The creation of the new Office for Environmental Protection (OEP), which will replace the European Commission’s oversight, has been mired by controversy after the government said it will be part of the Department for Environment, Food and Rural Affairs (Defra).
The organisation is being set up as part of the delayed Environment Bill, which will introduce wide-ranging environmental reforms in the UK and replace many EU laws and structures.
The government has insisted the OEP will be independent, but experts have said it will have its board decided by Defra ministers, its budget set by the government, and the extent of its oversight also set by government.
As the Environment Bill is scrutinised at its committee stage in the House of Lords, peers have subjected the OEP’s placement in Defra to a barrage of criticism.
Speaking in parliament, independent crossbencher Lord Cameron of Dillington said: “The OEP will be at the centre of our country’s new environmental future post-Brexit.
“We all have great hopes and expectations for it – some, I suspect, possibly too high. But within all our ambitions to secure a cleaner, more sustainable and more biodiverse future, I cannot stress how important it is that we get the OEP right – and at the moment it looks as though it will be a mere tool of the very body it should be overseeing.”
He added: “My main point is that the OEP must not only always be independent of Defra, but it must be seen to be independent of Defra, and at the moment it is neither. I find that very worrying.”
Leading Oxford University scientist and former chairman of the Food Standards Agency, Lord Krebs, shared these concerns.
He said: “The government promised us a strong and independent OEP and... many of us feel that we have been short-changed.”
Independent crossbencher Lord Hope of Craighead, a former deputy president of the Supreme Court of the United Kingdom, stressed the need for the new body to be fully independent of the government, just as the European Commission has been.
He said: “The independence of the Office for Environmental Protection is crucial if it is to have public confidence.”
Tory former Commons deputy speaker Lord Framlingham said: “I speak to support the view that the Office of Environmental Protection must not only have teeth but must be totally independent from all strands of government.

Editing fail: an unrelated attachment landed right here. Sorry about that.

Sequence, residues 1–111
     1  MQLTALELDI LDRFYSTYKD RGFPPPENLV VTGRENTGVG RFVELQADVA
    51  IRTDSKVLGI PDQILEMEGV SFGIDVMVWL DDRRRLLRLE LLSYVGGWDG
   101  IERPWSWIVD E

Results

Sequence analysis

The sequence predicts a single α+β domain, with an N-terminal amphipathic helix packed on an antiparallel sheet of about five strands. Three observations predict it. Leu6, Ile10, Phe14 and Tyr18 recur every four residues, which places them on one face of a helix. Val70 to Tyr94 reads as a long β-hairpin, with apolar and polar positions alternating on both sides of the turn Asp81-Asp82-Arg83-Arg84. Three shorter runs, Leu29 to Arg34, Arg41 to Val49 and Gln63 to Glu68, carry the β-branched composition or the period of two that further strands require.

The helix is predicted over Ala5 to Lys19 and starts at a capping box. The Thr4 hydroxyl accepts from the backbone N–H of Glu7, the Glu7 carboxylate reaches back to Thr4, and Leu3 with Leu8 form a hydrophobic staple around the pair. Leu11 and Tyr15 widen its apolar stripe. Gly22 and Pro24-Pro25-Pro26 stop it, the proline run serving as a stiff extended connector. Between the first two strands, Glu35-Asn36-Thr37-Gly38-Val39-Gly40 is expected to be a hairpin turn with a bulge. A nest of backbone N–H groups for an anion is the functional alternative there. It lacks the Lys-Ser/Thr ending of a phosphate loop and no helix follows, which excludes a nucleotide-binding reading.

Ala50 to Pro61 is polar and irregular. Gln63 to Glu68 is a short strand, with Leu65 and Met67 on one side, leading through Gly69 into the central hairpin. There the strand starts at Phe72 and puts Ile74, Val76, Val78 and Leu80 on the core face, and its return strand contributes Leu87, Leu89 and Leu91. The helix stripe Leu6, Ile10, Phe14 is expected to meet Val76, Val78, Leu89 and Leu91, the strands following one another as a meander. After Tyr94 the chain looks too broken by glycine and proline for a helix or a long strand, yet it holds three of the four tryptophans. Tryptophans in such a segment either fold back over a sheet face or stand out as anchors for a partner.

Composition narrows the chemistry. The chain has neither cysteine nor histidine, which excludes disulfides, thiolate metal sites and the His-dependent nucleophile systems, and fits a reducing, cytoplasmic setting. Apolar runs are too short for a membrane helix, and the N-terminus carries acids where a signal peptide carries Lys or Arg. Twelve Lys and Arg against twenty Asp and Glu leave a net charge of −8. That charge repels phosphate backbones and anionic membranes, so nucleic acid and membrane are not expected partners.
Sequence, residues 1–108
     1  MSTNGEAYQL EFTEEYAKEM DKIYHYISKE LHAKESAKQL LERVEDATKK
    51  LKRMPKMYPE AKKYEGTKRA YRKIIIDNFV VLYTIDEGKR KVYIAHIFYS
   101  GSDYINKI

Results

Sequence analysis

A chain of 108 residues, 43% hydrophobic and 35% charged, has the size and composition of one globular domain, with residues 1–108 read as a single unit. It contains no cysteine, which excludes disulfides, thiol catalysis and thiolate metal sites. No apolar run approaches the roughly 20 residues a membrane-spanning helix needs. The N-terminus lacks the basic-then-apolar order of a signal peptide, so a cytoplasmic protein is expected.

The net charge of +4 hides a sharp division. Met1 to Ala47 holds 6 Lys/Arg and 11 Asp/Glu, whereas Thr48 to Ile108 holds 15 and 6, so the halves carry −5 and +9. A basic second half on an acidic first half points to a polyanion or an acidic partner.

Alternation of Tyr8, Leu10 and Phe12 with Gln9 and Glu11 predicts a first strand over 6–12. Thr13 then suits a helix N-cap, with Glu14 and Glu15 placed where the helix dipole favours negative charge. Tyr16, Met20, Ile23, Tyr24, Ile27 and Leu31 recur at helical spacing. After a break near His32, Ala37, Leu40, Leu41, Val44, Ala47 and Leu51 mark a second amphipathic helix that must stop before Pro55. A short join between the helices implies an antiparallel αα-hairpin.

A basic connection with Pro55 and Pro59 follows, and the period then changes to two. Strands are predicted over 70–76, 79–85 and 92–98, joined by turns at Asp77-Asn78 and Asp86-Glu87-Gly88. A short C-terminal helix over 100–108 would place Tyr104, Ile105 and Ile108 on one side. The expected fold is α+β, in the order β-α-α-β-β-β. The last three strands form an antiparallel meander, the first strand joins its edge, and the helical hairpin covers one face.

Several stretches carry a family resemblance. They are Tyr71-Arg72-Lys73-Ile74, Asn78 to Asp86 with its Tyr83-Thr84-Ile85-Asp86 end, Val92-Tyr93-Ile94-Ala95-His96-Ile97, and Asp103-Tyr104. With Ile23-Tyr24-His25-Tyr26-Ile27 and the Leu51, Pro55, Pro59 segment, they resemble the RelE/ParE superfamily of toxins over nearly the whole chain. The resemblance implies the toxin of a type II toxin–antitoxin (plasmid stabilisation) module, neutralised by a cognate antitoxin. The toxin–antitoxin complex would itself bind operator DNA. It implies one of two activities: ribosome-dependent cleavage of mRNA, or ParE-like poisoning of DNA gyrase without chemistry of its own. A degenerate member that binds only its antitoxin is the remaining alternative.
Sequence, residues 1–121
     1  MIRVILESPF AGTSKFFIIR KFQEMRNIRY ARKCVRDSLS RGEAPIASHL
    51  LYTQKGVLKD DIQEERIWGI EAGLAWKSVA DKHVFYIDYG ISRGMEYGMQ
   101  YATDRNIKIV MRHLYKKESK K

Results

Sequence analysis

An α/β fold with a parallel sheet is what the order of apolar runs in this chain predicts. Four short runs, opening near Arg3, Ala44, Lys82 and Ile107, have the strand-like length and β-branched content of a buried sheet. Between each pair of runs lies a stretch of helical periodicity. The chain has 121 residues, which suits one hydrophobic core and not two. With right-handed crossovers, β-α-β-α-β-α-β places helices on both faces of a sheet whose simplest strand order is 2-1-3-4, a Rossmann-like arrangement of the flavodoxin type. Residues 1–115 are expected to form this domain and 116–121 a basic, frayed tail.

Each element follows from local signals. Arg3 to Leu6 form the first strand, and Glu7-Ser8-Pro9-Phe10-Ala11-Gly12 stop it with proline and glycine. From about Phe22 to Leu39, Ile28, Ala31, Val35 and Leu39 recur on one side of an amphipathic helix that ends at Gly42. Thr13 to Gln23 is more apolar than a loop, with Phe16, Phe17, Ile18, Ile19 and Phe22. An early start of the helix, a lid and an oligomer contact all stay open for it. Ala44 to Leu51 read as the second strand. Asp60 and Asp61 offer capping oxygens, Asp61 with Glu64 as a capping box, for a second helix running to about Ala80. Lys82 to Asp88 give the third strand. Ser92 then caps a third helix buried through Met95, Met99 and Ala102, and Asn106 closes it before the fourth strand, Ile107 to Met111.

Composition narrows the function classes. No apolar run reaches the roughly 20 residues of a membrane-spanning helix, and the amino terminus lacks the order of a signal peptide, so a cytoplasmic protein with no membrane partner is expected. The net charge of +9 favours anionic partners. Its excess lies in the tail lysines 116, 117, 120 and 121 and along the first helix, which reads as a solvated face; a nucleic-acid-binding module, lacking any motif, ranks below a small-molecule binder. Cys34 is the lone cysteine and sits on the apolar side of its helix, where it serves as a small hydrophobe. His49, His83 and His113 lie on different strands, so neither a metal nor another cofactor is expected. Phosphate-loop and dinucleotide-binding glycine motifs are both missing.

“Independence is, in a way, self-explanatory and a good thing in itself, but it is even more important to spell out that it must be independent of government when the judgments it will have to make may well be on cases in which a government department is involved.”
Labour former environment minister Lord Whitty said: “We want a truly independent body on the environment to face up to the immense challenge of climate change and biodiversity diminution. This is not it.”
Sharing his concerns about the OEP, Liberal Democrat peer Lord Oates said: “It has no strong enforcement powers, its members will be appointed, and its budget set, by the government.
“It will be subject to the guidance from the Secretary of State on enforcement – the Secretary of State who should be subject to that enforcement – and its effectiveness will be undermined by the constraints placed on judicial enforcement.”
Labour frontbencher Lady Jones of Whitchurch said: “Without guaranteed independence, the threat of political interference will always hang over the OEP and the organisation.”
Responding, environment minister Lord Goldsmith of Richmond defended the arrangements as set out in the bill.
He said: “I reiterate our commitment to delivering an independent body to hold government and other bodies to account.
“The OEP will be established as a non-departmental public body, and we believe that this is the best model to achieve a balance of independence, value for money and accountability.”
He added: “The bill grants the Secretary of State no power to interfere in the OEP’s decision-making on specific or individual cases. The Secretary of State cannot tell the OEP what to do in a way that undermines its discretion and obligation to reach its own decisions.”
The Lords’ warnings come after expert lawyers said the structure of the OEP could fundamentally undermine the rule of law and lead to worse protections for the environment than previously.
Additional reporting by PA.